The deeper point here is of course missed completely by Mr. Friar. The point was not so much that the Mojahedin have called for the US to attack Iran. Not even Ledeen says anything like that. They are careful enough to say that they want a ‘people’s revolution’. And it is only expected that they would talk like that. Mojahedin, to their credit, are not morons and know that utterances openly calling for an imperialist attack on Iran would be effective political suicide. And, besides, our opposition to the Mojahedin is based on their ideology and predates their ambiguous relations with the imperialists. The fact that the Mojahedin are finding it increasingly necessary to buddy up with neo-conservatives in Washington DC is further proof of their ideological bankruptcy.

Instead of addressing such substantial issues, Mr. Friar brings in handy and slightly immature tidbits to the effect that ‘whose plane was it anyway’! Now, I personally do not much care which version is true, this kind of pissing game is too childish; but, even assuming Mr. Friar’s version is correct, in this episode we have proof that the Mojahedin did in fact escape from Iran in Bani-sadr’s company. Is that a better formulation? Well, no matter how you cut it, and no matter whose plane it was, Rajavi did ally himself with Bani-sadr, and in the process courted his daughter (and later divorce her), and in doing so, acted with the mentality and as if the exchange of women is a necessity of a political alliance!!

These are not flippant remarks Mr. Friar. Unfortunately, you do not understand this backward way of thinking that is choking us all. To bring such things up is to remind ourselves of the necessity to be clear about who deserves our trust and who does not. The Mojahedin have proven that they clearly cannot be trusted. Not even in their political alliances could they be trusted by their allies.

The ultimate danger in the logic presented by Mr. Friar is the one that plainly and without any embarrassment repeats a very dangerous line of thinking that only those without a legitimate ethical argument would present: the size! ‘Mojahedin are the biggest opposition grouping’.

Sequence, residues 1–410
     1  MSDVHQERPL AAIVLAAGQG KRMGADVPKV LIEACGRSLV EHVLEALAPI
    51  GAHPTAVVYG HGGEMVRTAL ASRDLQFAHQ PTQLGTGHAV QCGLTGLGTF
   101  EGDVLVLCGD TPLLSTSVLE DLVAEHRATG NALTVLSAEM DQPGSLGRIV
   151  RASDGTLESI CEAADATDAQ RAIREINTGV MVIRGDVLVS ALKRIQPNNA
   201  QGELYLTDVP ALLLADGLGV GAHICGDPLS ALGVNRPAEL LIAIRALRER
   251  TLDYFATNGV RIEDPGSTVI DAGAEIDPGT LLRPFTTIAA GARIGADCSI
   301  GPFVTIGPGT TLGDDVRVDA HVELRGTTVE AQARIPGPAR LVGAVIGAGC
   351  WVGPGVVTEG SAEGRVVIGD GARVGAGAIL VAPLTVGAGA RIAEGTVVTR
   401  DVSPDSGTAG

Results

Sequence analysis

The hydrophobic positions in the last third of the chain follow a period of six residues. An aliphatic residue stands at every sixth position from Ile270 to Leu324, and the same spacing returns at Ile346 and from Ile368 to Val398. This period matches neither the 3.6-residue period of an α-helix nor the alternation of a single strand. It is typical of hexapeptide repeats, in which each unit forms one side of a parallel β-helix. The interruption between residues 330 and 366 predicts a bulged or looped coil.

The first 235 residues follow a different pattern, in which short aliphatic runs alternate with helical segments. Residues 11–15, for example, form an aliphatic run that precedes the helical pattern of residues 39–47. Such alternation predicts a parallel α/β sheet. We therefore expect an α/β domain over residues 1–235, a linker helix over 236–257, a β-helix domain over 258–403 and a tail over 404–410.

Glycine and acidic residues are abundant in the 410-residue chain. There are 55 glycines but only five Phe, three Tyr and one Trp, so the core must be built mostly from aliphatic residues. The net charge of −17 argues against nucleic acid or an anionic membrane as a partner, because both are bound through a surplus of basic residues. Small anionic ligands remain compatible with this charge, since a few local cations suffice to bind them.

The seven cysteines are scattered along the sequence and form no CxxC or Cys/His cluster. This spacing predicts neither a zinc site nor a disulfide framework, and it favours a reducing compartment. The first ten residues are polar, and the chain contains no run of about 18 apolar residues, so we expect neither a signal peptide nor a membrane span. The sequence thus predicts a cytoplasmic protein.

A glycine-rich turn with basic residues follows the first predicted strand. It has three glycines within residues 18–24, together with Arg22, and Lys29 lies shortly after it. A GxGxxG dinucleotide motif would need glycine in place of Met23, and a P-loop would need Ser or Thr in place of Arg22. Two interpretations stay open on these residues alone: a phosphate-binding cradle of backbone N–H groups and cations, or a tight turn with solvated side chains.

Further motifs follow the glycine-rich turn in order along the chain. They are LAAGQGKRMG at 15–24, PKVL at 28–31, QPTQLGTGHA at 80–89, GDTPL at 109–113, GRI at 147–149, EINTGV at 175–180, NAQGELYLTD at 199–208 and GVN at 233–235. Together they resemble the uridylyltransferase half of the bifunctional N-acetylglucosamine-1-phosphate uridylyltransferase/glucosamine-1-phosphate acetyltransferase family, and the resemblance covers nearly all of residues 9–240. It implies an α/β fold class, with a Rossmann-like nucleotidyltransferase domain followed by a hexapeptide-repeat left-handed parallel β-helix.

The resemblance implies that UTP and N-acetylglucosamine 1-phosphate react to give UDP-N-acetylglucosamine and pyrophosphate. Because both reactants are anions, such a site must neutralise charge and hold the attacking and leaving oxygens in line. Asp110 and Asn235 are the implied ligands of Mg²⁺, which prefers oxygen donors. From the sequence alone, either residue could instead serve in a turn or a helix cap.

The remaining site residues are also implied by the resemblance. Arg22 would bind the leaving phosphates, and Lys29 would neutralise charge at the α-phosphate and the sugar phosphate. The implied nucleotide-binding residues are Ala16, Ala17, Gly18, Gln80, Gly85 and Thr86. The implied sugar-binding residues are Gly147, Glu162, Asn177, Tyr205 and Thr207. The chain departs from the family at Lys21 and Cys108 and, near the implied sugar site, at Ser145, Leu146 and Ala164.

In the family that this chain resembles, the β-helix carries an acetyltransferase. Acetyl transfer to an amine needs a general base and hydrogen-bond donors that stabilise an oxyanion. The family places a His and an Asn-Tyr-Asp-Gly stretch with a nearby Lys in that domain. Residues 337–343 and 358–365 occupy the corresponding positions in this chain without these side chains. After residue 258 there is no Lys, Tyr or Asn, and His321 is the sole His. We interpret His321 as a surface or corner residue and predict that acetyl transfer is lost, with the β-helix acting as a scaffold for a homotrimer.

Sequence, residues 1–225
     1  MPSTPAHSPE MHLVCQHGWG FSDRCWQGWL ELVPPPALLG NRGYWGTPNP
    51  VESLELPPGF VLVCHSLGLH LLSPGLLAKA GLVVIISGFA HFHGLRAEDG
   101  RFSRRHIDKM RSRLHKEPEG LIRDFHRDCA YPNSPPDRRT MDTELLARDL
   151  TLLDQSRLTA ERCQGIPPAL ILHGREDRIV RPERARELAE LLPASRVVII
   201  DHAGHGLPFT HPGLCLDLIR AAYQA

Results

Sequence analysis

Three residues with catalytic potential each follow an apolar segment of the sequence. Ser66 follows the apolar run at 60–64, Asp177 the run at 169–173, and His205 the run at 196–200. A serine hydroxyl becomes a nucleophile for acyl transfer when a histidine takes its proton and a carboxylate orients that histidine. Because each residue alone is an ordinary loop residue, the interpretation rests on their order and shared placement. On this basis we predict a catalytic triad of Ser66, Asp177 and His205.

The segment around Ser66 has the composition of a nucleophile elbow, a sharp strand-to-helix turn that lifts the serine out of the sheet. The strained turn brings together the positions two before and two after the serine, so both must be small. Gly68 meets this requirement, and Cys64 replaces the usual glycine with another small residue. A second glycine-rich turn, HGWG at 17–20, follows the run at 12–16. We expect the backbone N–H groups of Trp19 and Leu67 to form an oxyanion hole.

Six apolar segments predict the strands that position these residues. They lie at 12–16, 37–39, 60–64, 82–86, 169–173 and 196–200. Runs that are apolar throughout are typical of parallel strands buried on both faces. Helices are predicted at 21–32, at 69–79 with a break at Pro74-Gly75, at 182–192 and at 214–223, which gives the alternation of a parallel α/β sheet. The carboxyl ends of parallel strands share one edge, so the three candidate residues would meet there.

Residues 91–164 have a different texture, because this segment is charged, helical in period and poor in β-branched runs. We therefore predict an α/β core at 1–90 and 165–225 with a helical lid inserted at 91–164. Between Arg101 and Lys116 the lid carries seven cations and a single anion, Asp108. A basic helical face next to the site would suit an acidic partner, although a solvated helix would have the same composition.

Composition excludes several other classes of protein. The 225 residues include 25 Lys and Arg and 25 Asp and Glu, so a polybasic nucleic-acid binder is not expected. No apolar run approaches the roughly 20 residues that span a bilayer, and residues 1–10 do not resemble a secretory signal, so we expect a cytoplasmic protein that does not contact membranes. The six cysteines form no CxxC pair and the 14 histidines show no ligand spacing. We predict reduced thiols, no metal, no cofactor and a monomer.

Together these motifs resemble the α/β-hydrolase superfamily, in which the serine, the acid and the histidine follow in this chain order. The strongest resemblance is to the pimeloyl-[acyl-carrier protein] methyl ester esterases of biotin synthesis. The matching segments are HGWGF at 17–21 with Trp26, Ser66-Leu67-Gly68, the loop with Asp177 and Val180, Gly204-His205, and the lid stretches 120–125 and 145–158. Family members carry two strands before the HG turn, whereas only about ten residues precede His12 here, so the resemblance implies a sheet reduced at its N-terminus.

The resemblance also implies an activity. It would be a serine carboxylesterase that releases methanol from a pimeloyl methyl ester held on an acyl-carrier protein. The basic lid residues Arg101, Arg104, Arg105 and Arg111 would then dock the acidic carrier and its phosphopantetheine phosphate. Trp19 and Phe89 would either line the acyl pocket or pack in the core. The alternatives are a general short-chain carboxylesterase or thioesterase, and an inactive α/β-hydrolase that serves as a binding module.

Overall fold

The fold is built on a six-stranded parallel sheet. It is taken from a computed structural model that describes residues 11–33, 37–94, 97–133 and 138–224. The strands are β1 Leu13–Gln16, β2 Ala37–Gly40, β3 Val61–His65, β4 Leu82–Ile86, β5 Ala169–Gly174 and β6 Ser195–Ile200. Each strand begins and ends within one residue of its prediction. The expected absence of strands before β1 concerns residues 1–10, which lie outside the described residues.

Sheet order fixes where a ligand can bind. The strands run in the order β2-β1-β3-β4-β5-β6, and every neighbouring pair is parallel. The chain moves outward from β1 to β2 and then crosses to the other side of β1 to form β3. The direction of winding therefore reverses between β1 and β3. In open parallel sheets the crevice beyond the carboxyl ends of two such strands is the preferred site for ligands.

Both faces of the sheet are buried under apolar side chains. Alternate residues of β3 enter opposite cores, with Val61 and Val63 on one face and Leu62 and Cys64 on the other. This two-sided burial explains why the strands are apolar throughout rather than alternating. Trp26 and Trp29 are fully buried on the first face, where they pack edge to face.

Mr. Friar, at the risk of piercing my own brain with frustration as I try to respond to this aspect of your thinking (as a supposed ‘communist’), the size of an organization does not lend it any more political legitimacy than would any amount of make-up be capable of creating true beauty. You need to be reminded, in case you missed it, that the mullahs were also the biggest political grouping who were opposed to the Shah. So, tell us, would you have supported the mullahs, then, in following your own logic? If not, why not? Your logic is that of ‘might makes right’. And in this, you are very similar to the current neo-conservative crusaders sweeping across the globe.

When logic and principles go out the window, it is not surprising that all that is left is to resort to one’s size. With such logic on clear display, who needs any other sources to prove the illegitimacy of any contender for an alternative?

Mr. Friar, we the people of Iran have learned our lessons. It is time for people like you and the Mojahedin to learn yours.

In closing, we remind Mr. Friar that we have presented analysis, as well as facts, and would like to hear something that addresses the deeper analytical issues, rather than engaging in trivia and unrelated things such as number of sources provided. We do not write for an imaginary PhD dissertation committee. We address political reality. The Mojahedin, according to their own literature (and that is good enough for us) want to deliberately bring about a form of theocracy in Iran. As democrats, as lovers of freedom and social justice, and as socialists we are opposed to all forms of theocracy, and as such we oppose the Mojahedin, no matter how big their size, and no matter whether they come atop American tanks or their own Saddam-issued tanks.

Rosa Faiz